Ranking member Charles E. Grassley, R-Iowa, countered that it was difficult to decouple abortion policy and broader economic changes and instead called on Congress to increase access to and coordination between government programs for pregnant women and mothers in need.

“There is a reason this committee hasn’t historically delved into this issue,” Grassley said.

The hearing comes as even the debate over pregnancy-related resources has become increasingly subject to partisan messaging.

Last month, House Republicans banded together to pass legislation to limit funding restrictions for pregnancy centers that oppose abortion over their concerns regarding a Biden administration proposed rule that would narrow grant eligibility for Temporary Assistance for Needy Families.

Budget Committee members on Wednesday touched on both the House efforts on pregnancy centers and the Senate’s efforts on IVF, with Sen. Mike Braun, R-Ind., saying the Biden policy would “strip support for women and their unborn babies” and Sen. Alex Padilla, D-Calif., worrying about the economic impact of efforts to reduce access to IVF.

But the tension came to a head during questioning from Sen. John Kennedy, R-La., who pulled out a large sign depicting a 21-week fetus while he described stages of a second-trimester abortion procedure known as dilation and evacuation. Just minutes before, the panel had heard testimony from Allie Phillips, a mom and activist who is a Democratic candidate for the Tennessee General Assembly.

Phillips went viral sharing her experience crowdsourcing funds to seek an abortion at 20 weeks out of state after her fetus, Miley, was diagnosed with a number of anomalies incompatible with life.

“We had to quickly figure out how to afford it all. We didn’t have thousands of dollars sitting in our bank account,” said Phillips. “Imagine having to rely on the goodness of strangers to stay healthy for your daughter, your husband, your family.”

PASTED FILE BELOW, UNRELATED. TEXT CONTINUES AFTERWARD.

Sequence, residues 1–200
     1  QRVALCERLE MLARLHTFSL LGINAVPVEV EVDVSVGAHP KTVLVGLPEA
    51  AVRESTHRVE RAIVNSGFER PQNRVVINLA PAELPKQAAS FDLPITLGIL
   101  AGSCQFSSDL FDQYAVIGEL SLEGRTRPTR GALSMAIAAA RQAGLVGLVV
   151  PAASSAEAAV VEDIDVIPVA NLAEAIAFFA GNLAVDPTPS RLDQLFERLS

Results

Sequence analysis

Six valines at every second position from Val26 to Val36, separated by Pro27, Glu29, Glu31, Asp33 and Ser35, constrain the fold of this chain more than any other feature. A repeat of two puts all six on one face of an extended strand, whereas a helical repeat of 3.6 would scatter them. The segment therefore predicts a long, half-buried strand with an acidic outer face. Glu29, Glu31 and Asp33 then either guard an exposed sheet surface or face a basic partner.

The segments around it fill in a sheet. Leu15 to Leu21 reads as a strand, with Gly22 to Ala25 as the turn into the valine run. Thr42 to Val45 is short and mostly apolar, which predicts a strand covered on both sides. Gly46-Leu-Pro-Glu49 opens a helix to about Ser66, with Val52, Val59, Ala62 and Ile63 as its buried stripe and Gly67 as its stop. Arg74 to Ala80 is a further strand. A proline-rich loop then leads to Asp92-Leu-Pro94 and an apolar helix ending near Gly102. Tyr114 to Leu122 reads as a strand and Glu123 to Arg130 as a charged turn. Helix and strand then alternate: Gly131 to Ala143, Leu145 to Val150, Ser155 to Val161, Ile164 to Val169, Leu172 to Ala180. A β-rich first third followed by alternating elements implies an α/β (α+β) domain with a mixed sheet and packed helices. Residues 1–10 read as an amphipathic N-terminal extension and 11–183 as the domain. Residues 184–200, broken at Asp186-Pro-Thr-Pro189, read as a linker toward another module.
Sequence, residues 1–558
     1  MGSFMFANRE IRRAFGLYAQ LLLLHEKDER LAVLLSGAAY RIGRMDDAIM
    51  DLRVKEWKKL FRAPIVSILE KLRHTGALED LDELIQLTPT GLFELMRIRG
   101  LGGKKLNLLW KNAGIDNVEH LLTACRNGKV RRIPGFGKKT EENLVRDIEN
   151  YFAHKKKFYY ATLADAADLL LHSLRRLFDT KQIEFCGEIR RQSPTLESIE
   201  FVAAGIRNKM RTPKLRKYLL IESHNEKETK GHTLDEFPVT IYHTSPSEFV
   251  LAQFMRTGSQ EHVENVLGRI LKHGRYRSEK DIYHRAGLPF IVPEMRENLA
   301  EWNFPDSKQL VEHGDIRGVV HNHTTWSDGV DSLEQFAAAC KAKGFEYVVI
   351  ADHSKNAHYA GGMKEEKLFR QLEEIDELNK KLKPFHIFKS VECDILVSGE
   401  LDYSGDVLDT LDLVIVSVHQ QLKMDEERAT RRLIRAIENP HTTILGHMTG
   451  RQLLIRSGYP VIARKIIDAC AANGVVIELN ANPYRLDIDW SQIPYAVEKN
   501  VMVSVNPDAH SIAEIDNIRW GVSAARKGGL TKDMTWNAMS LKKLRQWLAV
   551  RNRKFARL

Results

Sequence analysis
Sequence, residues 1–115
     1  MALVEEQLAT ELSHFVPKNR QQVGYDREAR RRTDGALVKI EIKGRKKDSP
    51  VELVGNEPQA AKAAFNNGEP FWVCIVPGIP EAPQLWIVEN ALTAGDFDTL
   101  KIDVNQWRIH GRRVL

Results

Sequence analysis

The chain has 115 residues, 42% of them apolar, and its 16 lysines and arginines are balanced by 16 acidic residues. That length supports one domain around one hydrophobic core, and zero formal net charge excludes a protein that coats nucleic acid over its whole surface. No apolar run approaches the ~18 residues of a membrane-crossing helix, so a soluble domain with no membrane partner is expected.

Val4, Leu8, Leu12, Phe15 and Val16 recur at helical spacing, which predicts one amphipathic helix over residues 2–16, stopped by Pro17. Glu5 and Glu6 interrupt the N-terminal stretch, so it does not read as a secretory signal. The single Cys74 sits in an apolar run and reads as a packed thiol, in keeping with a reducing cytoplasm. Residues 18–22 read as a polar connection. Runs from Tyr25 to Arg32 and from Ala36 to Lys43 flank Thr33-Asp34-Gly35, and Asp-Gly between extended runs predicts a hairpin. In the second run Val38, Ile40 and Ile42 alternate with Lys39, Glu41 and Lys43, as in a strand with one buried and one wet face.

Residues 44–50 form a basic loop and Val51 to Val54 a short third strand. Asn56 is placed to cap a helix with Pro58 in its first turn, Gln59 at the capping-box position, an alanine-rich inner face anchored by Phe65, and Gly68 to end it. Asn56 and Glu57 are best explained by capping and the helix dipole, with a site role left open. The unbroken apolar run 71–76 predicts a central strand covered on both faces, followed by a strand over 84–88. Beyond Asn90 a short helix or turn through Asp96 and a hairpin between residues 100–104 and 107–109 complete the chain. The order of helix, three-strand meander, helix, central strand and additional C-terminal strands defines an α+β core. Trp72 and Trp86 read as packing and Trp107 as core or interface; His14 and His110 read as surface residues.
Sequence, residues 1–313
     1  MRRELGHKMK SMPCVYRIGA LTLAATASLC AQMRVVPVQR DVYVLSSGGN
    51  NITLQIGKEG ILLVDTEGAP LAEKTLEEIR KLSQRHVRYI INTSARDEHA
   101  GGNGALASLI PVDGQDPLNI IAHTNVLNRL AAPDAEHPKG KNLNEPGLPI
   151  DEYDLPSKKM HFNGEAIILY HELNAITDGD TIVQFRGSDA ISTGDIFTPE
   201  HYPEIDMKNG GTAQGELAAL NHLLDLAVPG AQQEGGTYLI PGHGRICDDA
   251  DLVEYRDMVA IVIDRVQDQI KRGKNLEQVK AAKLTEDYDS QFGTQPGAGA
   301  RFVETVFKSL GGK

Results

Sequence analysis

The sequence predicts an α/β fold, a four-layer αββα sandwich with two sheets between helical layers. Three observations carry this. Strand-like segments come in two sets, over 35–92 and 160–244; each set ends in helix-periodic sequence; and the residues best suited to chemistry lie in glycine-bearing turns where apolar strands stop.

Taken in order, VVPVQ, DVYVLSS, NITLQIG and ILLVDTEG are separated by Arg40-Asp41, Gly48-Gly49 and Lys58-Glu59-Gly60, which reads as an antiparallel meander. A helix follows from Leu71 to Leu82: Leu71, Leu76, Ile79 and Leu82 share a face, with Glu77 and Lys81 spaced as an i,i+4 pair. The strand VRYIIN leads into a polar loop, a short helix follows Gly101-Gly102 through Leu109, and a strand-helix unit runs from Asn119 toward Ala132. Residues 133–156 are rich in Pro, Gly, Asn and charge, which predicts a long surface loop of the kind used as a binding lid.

Phillips said she was disappointed that Kennedy knew there would be a mother at the hearing who had to make the difficult decision to terminate a 20-week pregnancy and yet still brought the visual aid.

It was especially difficult, she said after the hearing, because she lost Miley one year ago.

Still, some shared pathways emerged amid the terse back-and-forth between senators and the witnesses.

Grassley touted work on his bipartisan Medicaid bill with Maggie Hassan, D-N.H., that would build and expand Medicaid maternal health programs.

Sen. Debbie Stabenow, D-Mich., asked the two Republican witnesses — Leslie Ford, adjunct fellow for the Center on Opportunity and Social Mobility at the American Enterprise Institute, and Tamra Call, executive director of Obria Medical Clinic — about a shared priority of protecting safety net programs, including the Special Supplemental Nutrition Program for Women, Infants and Children, otherwise known as WIC.

Both Ford and Call said they support the program and a push for national labor and delivery standards under Medicaid, which Stabenow said she and Grassley have been longtime advocates for.